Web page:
One day, shortly after fire was harnessed and became a useful tool, a caveman decided trees were necessary to make more fire. After all, you can’t have fire without fuel. After trying to push the tree down, he picked up a stone and tried to knock the tree down with that. (Editor’s note: We’re just assuming here.)
Soon he tied the rock to a stick, giving himself leverage, and bashed the tree with that. The first cutting tool was born.
Perhaps before that, the same caveman tried to carve open a nut that fell from a tree and used a stone or stick that had a sharp edge. Either way, cutting tools date back a long way.
Kimball Midwest sells lots of them, but they don’t look like rocks.
It’s safe to say technological advances have aided in making cutting tools better generation by generation. But things really got humming with the Industrial Revolution in later half of the 18th century.
Goods that once took days to craft by hand started to be produced in mass quantities by machines in factories, thanks to the introduction of new machines and techniques in textiles, iron making and other industries.
While steel was being melted and shaped into iron beams, aided by steam power, tools also were being made. While it was good enough to create a mold and pour the iron ore in, the finish of the product still had to be accomplished.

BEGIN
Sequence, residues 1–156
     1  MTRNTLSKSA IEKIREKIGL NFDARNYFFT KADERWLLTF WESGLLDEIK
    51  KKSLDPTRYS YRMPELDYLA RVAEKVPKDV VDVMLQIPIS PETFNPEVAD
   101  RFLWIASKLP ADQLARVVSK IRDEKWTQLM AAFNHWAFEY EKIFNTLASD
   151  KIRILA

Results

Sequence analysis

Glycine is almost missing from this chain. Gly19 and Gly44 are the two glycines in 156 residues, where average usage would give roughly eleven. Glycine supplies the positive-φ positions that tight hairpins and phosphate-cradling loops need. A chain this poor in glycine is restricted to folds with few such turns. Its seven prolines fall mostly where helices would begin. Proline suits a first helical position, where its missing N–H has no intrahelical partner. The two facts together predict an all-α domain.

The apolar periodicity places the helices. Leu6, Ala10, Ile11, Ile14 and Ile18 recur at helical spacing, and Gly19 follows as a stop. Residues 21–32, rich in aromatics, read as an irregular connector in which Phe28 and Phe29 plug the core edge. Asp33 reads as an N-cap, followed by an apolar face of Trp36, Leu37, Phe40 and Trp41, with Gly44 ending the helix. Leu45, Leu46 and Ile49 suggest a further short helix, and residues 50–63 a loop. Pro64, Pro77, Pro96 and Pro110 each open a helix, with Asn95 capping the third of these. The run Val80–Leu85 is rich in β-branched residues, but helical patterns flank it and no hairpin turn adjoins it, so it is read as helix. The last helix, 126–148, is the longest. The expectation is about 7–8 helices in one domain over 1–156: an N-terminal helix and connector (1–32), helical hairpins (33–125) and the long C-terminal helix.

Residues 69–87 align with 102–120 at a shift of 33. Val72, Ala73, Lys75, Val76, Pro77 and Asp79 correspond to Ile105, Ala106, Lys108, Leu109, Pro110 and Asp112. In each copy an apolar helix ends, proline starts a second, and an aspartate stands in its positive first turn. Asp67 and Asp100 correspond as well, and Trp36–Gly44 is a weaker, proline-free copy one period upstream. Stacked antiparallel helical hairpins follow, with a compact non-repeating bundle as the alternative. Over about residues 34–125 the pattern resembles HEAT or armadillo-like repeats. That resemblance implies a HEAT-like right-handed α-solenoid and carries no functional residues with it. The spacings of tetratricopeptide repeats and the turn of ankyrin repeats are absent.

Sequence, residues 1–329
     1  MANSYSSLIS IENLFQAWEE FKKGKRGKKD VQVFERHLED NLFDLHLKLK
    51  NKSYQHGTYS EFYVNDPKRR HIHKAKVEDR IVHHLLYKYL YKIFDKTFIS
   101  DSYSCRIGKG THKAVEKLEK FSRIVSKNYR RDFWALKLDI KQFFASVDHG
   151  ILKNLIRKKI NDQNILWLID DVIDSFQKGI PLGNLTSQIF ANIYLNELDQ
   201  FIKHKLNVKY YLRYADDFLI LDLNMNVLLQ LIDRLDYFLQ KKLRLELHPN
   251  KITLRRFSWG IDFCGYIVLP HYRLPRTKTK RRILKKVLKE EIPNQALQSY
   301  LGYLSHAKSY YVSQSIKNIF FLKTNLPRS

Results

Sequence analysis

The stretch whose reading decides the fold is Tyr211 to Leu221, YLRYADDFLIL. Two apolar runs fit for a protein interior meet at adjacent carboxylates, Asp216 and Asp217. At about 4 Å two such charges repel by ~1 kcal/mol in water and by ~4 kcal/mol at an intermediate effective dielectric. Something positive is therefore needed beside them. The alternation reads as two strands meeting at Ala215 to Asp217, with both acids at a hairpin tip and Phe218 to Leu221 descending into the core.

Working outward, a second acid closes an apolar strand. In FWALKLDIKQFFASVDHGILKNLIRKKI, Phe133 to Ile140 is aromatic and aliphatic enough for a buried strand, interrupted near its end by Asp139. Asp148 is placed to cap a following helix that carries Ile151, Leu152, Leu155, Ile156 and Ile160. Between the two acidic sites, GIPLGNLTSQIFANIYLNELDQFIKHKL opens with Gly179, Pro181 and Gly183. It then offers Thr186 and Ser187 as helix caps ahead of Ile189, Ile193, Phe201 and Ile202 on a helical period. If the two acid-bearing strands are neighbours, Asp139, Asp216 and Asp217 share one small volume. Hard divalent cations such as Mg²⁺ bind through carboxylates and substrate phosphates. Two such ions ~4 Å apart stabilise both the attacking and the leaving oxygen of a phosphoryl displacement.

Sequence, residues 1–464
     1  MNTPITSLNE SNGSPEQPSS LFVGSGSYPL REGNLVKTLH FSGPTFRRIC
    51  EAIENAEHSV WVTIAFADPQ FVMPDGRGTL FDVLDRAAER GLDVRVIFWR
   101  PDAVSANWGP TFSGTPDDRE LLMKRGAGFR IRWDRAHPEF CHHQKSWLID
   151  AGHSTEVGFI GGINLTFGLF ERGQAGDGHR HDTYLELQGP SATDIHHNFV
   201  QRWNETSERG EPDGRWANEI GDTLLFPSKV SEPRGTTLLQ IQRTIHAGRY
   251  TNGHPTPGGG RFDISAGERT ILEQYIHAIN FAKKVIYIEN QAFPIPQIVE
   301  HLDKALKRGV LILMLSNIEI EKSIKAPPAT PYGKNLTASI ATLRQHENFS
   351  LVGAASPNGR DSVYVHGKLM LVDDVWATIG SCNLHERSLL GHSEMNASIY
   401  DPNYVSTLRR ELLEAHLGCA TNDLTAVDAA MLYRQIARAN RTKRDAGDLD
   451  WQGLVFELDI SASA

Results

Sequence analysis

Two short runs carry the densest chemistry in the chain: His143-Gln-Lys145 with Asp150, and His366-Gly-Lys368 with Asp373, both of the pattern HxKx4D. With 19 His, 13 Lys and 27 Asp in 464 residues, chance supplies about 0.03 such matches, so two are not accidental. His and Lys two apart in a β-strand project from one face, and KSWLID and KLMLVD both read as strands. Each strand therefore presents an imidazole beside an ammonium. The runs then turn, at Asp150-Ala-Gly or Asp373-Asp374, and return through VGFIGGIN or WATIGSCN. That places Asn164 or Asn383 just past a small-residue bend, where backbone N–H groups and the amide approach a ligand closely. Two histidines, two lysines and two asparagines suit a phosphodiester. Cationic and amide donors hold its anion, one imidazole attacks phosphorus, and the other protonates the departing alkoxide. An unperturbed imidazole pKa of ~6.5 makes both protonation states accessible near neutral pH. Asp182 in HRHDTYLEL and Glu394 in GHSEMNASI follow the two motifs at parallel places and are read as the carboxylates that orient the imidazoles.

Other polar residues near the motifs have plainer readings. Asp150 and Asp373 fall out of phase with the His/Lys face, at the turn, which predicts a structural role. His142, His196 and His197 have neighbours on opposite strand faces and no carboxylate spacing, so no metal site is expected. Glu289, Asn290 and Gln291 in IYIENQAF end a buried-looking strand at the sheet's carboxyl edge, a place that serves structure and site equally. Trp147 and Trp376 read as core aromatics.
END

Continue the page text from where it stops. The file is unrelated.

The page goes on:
Axes don’t simply come streamlined and sharp enough to cut into trees. The metal needs to be shaped and sharpened.
So perhaps it was not the swift manufacturing of the axe that was the important invention, but the tools that came after to simplify the finishing process of the product and make it supremely efficient.
But cutting down trees no longer was the goal. Now the issue, as buildings became taller than three stories, was steel. The focus, however, was not making steel and steel beams and other pieces easily; it was making everything else go just as easily. Prefabricating was on the horizon. But being able to cut holes into steel with relative ease was going to be an issue.
Alloy steels containing tungsten were developed soon after the Industrial Revolution was making hay, and they developed into molybdenum containing high-speed steels. All of this made steels harder and thus, tools to cut through them needed to be even harder than that.
Since then, companies have been perfecting ways to cut through steel, concrete, wood and any other surface as efficiently as possible. We offer a behind-the-scenes glimpse of how we make our Super Primalloy Drill Bits here.
While we are well past the Industrial Revolution, we are still finding ways to make harder, stronger steels and better ways to manufacture tools.
If you are looking for the most technologically advanced cutting tools, shop kimballmidwest.com or